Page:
The rate of deaths among Pradaxa users was so high in 2011 that the FDA launched an investigation into the drug’s safety. That year, the agency received reports of 542 deaths among users, which led the death rate among all other drugs.
In January of 2013, the Institute for Safe Medication Practices again ranked anticoagulants like Pradaxa among the most dangerous of all outpatient drugs. In addition, it reviewed thousands of adverse event reports submitted to the FDA. SMP concluded that internal bleeding caused by Pradaxa is nearly five times more likely to result in death than with Warfarin.
Pradaxa's manufacturer, Boehringer Ingelheim, faces liability for losses and damages to its consumers because it did not warn patients of these risks. Furthermore, the drug maker has a history of negligence.
Boehringer Ingelheim produces a large number of medications to treat abdominal pain, bladder disorders, COPD (chronic obstructive pulmonary disease), respiratory disease, acid reflux, ulcers, cardiovascular disease, Parkinson's disease, HIV, and thromboembolic disease. The company’s more widely known products include Pradaxa, Zantac, Spiriva, Flomax, Dulcolax, and Metacam.
The FDA has issued multiple serious safety violations against this company.
In 2011, the FDA shut down a drug manufacturing plant that was a Boehringer Ingelheim subsidiary. Inspectors noted that the Ohio facility contained mold, rusty tools, and a barrel of urine. The company then spent $300 million to appropriately upgrade the plant.
Most recently, Boehringer’s blockbuster drug Pradaxa has been the center of controversy. Pradaxa is linked to thousands of injuries and hundreds of deaths from uncontrollable internal bleeding.
Within weeks of the FDA’s approval of Pradaxa, further research by MedWatch showed the agency had received more reports of side effects from Pradaxa than 98 percent of any of the other drugs on the market. Complaints included internal bleeding in the brain, intestines, and kidneys, as well as heart attacks.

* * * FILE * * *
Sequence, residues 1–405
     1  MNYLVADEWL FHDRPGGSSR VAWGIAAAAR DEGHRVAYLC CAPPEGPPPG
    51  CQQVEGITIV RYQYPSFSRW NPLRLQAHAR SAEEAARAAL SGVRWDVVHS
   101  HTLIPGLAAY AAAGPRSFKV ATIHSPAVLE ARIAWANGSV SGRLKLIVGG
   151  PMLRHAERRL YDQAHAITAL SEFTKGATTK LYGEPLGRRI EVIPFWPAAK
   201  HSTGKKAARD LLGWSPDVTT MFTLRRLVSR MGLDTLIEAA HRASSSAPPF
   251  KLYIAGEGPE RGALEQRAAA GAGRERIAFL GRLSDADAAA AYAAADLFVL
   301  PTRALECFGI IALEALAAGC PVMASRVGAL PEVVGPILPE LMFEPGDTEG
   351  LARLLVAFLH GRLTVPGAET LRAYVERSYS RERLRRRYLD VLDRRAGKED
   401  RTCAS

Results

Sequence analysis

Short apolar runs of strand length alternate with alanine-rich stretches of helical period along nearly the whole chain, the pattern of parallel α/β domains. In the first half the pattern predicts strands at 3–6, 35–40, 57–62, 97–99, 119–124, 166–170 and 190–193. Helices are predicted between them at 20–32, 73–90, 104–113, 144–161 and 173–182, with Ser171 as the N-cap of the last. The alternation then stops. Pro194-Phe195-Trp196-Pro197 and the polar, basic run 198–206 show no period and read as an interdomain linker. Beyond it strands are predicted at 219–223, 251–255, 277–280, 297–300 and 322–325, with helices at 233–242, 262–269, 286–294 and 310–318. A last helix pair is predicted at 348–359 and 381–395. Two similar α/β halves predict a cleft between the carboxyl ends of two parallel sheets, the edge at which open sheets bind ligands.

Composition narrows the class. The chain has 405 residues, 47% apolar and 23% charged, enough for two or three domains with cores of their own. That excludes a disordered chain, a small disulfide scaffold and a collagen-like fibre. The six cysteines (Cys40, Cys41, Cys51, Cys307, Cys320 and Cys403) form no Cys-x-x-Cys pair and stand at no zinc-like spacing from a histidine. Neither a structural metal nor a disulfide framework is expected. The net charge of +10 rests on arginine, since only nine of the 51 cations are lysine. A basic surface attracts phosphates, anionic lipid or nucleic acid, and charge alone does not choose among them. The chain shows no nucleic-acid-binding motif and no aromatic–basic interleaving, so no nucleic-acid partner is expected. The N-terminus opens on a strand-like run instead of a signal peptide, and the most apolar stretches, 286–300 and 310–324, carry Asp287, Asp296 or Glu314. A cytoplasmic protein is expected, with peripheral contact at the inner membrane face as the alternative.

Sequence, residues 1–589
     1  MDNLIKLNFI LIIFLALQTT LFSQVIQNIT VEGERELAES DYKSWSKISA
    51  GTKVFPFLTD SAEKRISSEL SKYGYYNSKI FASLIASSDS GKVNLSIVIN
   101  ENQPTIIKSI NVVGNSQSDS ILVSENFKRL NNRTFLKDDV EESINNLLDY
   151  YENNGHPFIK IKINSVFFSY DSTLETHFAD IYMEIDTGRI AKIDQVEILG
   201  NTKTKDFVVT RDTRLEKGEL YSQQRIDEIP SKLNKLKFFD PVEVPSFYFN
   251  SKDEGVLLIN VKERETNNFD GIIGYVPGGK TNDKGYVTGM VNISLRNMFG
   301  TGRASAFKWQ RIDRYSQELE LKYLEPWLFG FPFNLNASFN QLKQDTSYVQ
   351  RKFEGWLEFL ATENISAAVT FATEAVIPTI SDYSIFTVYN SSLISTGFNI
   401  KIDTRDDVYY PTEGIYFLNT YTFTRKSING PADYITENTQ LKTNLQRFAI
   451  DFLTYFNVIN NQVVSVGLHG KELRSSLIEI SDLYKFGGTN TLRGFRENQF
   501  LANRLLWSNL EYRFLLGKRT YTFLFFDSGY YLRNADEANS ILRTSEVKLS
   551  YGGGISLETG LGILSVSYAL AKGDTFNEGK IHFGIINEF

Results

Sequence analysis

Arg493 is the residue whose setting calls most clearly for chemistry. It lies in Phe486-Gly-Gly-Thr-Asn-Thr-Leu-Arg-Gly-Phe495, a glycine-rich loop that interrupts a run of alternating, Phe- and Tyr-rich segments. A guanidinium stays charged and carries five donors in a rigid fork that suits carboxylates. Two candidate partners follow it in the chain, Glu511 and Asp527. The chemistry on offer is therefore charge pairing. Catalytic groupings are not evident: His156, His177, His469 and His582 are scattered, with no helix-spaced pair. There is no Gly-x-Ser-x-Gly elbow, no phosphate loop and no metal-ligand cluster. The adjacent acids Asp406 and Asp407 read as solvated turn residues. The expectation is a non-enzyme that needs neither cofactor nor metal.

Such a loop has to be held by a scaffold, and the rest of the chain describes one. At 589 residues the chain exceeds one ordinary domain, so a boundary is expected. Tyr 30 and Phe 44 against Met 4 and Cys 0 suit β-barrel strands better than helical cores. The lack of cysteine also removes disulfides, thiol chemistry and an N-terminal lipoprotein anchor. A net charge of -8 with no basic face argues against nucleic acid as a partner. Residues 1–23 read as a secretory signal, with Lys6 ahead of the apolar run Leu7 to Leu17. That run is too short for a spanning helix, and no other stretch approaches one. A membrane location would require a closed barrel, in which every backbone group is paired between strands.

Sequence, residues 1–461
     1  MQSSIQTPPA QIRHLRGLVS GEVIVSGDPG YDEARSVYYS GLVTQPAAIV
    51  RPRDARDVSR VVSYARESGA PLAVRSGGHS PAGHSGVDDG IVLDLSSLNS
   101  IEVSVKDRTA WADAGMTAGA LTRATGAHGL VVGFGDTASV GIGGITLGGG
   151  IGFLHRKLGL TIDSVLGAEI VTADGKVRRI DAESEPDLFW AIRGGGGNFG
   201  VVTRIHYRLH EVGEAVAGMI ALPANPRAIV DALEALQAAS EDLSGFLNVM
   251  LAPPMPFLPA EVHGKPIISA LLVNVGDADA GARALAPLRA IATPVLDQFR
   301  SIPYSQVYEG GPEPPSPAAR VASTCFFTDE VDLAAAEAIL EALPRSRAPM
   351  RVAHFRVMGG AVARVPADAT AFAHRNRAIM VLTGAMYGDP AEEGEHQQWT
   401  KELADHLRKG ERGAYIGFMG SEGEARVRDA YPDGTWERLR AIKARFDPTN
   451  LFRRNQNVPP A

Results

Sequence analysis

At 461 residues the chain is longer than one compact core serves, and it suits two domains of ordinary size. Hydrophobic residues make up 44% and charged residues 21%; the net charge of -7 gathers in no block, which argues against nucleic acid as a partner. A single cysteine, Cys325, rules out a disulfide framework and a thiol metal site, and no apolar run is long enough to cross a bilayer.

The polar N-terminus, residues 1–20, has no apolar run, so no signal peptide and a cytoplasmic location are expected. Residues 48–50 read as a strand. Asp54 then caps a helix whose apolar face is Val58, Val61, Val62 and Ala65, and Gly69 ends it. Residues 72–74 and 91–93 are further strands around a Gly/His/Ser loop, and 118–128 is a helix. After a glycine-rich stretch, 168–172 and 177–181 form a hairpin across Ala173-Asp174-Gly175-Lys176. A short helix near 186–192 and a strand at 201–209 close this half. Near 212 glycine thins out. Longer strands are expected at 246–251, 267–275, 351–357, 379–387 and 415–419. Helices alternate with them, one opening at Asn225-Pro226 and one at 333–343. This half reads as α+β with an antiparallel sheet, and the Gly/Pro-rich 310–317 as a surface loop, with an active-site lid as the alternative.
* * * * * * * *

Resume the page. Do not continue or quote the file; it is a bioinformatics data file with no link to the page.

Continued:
On December 7, 2011, the FDA launched an investigation into Pradaxa following reports of 3,781 side effects and 542 deaths, the highest number of cases reported for any drug that year.
Experts still disagree about whether Pradaxa has higher risks for internal bleeding. The FDA has advised that the drug is as safe as the more common prescribed the blood thinner Warfarin.
However, the Institute for Safe Medication Practices has named Pradaxa one of the most dangerous drugs on the market and warned that patients suffering from internal bleeding after taking Pradaxa are nearly five times more likely to die from this condition than those with internal bleeding after taking Coumadin or Warfarin.
Additionally, a study from the University of Illinois at Chicago has suggested that the FDA's data may be flawed, and the risk for bleeding may be higher than the agency thought. Most recently, researchers in Denmark discovered that patients may be using Pradaxa improperly, and there may be higher risks of internal bleeding when switching from other blood thinners.
While all blood thinners can cause internal bleeding, most, like Coumadin or Warfarin, have "reversal agents" that can be used in the case of emergency. Doctors have reported that once Pradaxa causes bleeding, there is little they can do to stop it.